If they really felt Josh Kline was a concussion problem waiting to happen, they could have done the same as they did with him, but taken the savings and brought in Kelechi Osemele to compete at left guard. The Chiefs signed him to replace their left guard who opted-out in late July for $1.2 million. Osemele is past his prime at age 31 and coming off surgery last fall, but he’s also never allowed more than 21 pressures a season since 2012 and only 9 sacks in 7 seasons. He played left guard in Kubiak’s system in 2014 so it wouldn’t be new to him. He’s 6’5”, 330lbs and was an first-team All-Pro in 2016 and first-team Pro Bowler in 2017. Somehow I think he might’ve been an upgrade over Dakota Dozier.
They could’ve still drafted Ezra Cleveland to take over next year at left guard, which is perhaps their current plan for him.
At right guard, they could’ve actually had a competition among all the other interior linemen, including possibly Josh Kline, to get the best of the bunch rather than just settle with Elflein. 2nd place could be a backup guard along with Cleveland, and Jones as backup center if not starting guard.
That would’ve given them O’Neill - Osemele - Bradbury - RG Winner - Hill/Udoh for a starting five, and for less money than they’re (likely) paying Reiff-Dozier-Bradbury-Elflein-O’Neill after Reiff’s contract restructure.
They would’ve also have a decent starting candidate coming up in Cleveland, and if Osemele worked out, they could actually extend him another year or two or however long he plays well.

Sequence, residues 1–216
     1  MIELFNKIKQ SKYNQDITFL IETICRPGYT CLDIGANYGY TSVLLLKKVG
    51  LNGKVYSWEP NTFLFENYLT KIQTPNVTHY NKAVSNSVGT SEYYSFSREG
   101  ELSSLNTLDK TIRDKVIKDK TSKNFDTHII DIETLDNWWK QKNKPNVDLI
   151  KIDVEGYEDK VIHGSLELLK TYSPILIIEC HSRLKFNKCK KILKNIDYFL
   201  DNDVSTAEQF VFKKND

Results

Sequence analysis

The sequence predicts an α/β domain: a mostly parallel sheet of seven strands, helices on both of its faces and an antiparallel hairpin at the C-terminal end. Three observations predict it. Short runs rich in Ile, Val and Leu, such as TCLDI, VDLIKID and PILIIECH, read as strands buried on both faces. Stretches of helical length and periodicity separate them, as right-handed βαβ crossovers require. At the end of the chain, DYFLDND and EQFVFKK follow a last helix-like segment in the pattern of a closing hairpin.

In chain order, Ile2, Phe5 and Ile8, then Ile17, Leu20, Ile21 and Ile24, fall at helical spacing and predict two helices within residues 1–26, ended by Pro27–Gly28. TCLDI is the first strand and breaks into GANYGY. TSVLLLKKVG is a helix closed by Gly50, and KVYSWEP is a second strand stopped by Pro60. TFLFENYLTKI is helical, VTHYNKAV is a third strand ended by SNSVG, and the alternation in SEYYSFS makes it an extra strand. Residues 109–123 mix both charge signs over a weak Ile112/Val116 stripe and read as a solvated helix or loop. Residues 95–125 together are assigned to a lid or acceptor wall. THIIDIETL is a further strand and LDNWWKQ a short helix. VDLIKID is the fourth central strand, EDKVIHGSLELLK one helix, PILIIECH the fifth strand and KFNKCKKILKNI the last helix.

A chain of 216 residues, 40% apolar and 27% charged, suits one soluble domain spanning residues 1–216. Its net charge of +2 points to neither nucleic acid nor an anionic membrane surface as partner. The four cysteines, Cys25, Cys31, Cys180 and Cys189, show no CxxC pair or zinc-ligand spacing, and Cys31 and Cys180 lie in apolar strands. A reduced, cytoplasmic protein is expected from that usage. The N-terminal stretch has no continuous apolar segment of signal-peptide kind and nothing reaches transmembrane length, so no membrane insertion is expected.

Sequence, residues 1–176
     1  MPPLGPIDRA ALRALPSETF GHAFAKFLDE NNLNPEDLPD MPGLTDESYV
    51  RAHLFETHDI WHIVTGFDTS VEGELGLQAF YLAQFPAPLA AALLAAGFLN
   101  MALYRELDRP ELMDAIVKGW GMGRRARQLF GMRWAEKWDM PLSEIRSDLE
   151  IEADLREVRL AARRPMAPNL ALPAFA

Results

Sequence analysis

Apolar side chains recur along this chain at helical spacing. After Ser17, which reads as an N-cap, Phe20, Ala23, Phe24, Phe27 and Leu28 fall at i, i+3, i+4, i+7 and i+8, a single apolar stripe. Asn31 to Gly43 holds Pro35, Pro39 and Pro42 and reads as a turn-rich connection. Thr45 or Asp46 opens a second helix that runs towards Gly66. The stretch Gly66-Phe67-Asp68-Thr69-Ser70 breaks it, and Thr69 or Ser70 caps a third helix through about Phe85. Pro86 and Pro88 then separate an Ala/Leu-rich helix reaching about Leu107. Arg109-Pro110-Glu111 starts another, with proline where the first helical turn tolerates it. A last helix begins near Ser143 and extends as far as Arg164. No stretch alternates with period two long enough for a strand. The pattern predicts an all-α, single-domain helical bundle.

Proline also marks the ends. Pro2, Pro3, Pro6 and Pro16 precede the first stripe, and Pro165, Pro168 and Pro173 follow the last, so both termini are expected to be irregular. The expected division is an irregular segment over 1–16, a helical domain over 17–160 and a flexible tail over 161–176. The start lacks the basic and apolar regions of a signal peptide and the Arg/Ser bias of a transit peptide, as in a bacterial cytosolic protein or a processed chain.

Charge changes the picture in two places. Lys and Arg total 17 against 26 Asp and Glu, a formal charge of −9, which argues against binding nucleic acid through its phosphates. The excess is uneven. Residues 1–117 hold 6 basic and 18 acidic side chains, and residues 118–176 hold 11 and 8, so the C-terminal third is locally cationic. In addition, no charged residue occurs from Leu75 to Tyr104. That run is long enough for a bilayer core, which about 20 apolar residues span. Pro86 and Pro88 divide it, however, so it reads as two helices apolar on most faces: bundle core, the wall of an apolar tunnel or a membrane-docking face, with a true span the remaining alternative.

Too Much Status Quo
But from the moment he got here, Vikings’ offensive line coach Rick Dennison has seemed largely content with the talent on the Vikings roster. His style is to predetermine the starting lineup early to maximize practice time together. He did that last year, and that seems to pretty much be the case this year too.
The decision to make Dakota Dozier- whom Dennison brought with him from the Jets- a starting left guard seems to be a reach at best. Last season he gave up 18 pressures, including 2 sacks, with 2 penalties, in just 184 pass blocking snaps. That translates into a pass blocking efficiency of 94.6%. Guess where that ranked among guards with at least as many pass blocking snaps as Dozier?
Dead last. 81st of 81.
And where did Pat Elflein, the Vikings other starting guard, rank by the same measure last year?
Reports from training camp were that both of them were having trouble at times against the Vikings interior defensive line, all of which have mediocre PFF grades.
So there you go. Out of all the players and possibilities the Vikings had at their disposal the entire off-season, this is what came out on top.
Rick Dennison better be right in thinking Dozier and Elflein will be better, and I mean a lot better, than they were last year in pass protection. None of them were anything to write home about as run blockers either. If he’s wrong, he should be fired- along with Dozier and Elflein.